In Mark (1:29-34) we read of a day in the life of Jesus. After preaching in the synagogue, Jesus goes to Peter’s house and heals Peter’s mother-in-law. Others in Capernaum hear of the healing and go to Peter’s house, too, “And the whole city was gathered together at the door” (33).
We see a fundamental shift from the Old Testament where people built a place for God to dwell in. Solomon built the Temple and Moses was given the specifications for the tabernacle. In Matthew’s Gospel in the New Testament, Peter reacts in an “Old Testament” way during the Transfiguration of Christ asking Jesus if they should make three tents for Jesus, Elijah and Moses (Matthew 17:1-8). But it isn’t necessary; things have changed. Instead of building a house for God to dwell in, God sent Jesus to dwell with us where we live, in our house.
Yesterday, Rev. Spruill asked us, “What would it be like if Jesus really lived with us in our house all the time? It is our house where we want to feel the safest, where we can let our guard down and be honest, but often our house is a place of profound wounds and anger. Sometimes we show more compassion and respect for the strangers we encounter throughout the day than for the people in our own house.”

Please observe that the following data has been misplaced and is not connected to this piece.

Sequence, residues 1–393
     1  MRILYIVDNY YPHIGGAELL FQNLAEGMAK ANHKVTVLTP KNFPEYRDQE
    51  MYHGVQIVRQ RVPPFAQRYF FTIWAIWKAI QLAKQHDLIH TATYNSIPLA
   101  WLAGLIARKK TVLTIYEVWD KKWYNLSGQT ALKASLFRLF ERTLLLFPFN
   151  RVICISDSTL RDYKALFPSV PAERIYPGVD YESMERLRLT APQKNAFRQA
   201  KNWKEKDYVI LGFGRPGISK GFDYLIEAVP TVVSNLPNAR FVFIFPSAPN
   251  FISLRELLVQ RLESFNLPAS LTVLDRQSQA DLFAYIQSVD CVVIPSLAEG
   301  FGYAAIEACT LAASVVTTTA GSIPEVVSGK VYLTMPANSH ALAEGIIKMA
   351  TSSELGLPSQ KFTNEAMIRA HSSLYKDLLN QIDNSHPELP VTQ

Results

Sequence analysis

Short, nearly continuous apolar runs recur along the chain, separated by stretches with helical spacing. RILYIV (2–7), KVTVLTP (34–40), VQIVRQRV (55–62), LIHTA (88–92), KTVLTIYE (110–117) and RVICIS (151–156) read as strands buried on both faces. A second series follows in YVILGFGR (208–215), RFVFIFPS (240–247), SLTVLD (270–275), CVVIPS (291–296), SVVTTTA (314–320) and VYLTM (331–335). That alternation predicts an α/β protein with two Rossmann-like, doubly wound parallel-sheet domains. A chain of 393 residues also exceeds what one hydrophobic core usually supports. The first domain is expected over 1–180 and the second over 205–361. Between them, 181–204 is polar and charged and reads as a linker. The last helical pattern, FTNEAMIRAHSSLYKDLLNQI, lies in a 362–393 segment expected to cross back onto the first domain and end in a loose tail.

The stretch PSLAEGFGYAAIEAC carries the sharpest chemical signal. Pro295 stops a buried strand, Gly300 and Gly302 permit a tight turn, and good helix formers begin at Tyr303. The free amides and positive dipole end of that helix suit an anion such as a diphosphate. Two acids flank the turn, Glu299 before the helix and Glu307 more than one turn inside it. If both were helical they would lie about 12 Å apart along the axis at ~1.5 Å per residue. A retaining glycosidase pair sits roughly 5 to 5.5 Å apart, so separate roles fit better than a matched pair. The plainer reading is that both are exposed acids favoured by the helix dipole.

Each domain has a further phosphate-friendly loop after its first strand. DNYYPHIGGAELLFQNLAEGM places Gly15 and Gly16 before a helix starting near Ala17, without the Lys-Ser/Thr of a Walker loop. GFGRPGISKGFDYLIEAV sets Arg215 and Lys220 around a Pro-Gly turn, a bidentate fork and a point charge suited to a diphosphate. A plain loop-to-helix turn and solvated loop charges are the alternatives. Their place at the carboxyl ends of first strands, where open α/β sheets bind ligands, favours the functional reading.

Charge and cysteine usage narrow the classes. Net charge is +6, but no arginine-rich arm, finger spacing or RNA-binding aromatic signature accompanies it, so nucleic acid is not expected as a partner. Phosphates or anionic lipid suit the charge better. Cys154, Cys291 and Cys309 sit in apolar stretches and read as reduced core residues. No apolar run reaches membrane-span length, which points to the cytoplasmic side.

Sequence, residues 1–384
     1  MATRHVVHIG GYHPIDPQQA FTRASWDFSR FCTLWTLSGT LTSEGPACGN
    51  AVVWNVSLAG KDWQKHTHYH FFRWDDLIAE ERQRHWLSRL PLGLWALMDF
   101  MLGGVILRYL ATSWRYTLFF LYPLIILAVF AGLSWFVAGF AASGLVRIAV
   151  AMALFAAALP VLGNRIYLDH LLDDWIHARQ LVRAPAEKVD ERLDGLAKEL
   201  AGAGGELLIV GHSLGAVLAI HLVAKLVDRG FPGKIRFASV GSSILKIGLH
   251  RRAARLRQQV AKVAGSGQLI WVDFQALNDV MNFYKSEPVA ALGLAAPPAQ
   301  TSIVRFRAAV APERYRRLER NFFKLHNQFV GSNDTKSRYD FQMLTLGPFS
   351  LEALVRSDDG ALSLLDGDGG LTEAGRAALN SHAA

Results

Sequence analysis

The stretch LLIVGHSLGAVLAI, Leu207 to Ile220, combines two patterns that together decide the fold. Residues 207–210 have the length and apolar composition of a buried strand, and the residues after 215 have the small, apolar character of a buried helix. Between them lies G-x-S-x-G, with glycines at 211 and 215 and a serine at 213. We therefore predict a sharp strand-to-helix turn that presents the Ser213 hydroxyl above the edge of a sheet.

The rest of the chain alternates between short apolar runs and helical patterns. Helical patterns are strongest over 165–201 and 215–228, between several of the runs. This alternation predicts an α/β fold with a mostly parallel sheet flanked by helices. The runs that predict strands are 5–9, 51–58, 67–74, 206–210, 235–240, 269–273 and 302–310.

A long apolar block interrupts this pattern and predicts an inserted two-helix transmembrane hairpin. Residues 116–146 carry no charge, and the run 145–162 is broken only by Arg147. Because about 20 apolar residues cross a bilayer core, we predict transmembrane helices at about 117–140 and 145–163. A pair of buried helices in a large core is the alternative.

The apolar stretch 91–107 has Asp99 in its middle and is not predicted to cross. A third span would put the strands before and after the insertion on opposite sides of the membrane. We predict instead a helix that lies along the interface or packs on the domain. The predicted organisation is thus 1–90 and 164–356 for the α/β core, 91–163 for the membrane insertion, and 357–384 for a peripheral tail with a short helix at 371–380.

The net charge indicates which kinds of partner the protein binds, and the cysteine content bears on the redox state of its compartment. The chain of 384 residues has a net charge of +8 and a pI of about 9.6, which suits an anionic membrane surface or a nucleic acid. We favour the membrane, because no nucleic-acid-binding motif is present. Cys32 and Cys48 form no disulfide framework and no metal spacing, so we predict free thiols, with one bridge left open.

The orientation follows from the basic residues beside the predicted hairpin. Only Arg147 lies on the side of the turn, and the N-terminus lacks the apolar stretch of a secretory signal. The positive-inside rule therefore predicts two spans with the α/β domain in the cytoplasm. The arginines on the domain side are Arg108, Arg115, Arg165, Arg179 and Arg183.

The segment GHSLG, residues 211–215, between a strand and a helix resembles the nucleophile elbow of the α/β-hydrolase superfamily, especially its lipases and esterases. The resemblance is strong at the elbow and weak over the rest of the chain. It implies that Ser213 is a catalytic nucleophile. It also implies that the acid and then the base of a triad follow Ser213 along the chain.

Rev. Spruill offers us three ways to make Jesus a reality in our households, not just on Sunday when we come to church:
1. Be present and participate—don’t be strangers in your own home
2. Constantly look for ways to celebrate and give thanksgiving—Look for ways to say “I appreciate you” or “I give thanks for our family.”
3. Ensure your house is a place of confession, compassion and forgiveness.
What would it be like to not just visit God on Sundays when we go to church, but instead allow Jesus to live in our house, inviting him to join in our relationships as a family member?
Trust that whatever we deal with in our households, only God and Jesus Christ can heal.